“I wanted to dig up old demons who still pull the strings…” declares Tim Lloyd, whose previous band The Doxies, were once hailed as “that rare creature, the great Midwestern rock band”. Now fronting the Western States, Lloyd continues to harness the Mississippi River winds, providing country-infused rock to the St Louis faithful around the old Soulard district and further afield. ‘From The Center Out’ is a collection of character-driven narratives on populist disillusion. Snapshots from the opposite end of the American Dream.
Opener ‘Fire and Rage’ lashes out at the uncertainty and the track’s lyrical imagery sets the scene for a debut album of soul searching and rust-belt identity analysis: “abstract mind, concrete heart, swinging at the world, trying to break it apart” reflects Lloyd, while clever Hammond organ work, guitar sustain and layered vocals provide the endless horizon effect that engineer Jason McEntire made famous for Son Volt. Everywhere the listener tunes in on ‘From The Center Out’, there’s a tale to be told, a Midwestern destiny being chased. Latest single ‘The Duke’ evokes Springsteen at his gritty, urban best as the story unfolds of the boxer “tired of taking hits for nothing…” but refusing to take the fall. The moods change, ‘Gun Feels Heavy’ tightly wound and rocking out to some serious pressure from lead guitar man Sean Canan, while ‘Catch You Turning Around’ with its soaring vocals, slide guitar and thumping bass leads the listener to the mountains. ‘I Can’t Get Down’ tells of a redundant line worker who plays the riverboat casino; he knows the house is rigged to win but the drinks flow and he gets by and the trade-offs between the funky Hammond B3 and the lead guitar licks almost tell the story themselves.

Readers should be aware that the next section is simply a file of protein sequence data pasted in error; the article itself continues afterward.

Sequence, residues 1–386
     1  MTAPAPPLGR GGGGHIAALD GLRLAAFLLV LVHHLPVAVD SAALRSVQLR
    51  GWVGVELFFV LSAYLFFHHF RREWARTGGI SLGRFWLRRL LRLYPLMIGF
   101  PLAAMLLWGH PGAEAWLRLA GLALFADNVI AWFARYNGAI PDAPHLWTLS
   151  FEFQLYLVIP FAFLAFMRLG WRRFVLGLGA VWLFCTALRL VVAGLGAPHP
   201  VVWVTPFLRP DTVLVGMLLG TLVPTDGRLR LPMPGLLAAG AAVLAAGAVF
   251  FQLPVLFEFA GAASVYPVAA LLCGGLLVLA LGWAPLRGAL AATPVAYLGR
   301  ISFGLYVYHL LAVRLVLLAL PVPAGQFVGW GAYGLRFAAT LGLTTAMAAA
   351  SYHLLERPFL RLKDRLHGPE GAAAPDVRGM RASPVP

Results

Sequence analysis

Western States address deep social concerns as well as common everyday life issues and they do it with a nuance that bears witness to the confluence of the great Mississippi and Missouri rivers. The obvious influence that this has on the great city of St Louis and its residents comes through strongly on ‘From The Center Out’. Playing this in your living room, you can almost feel the river breezes as these Midwestern dramas play out.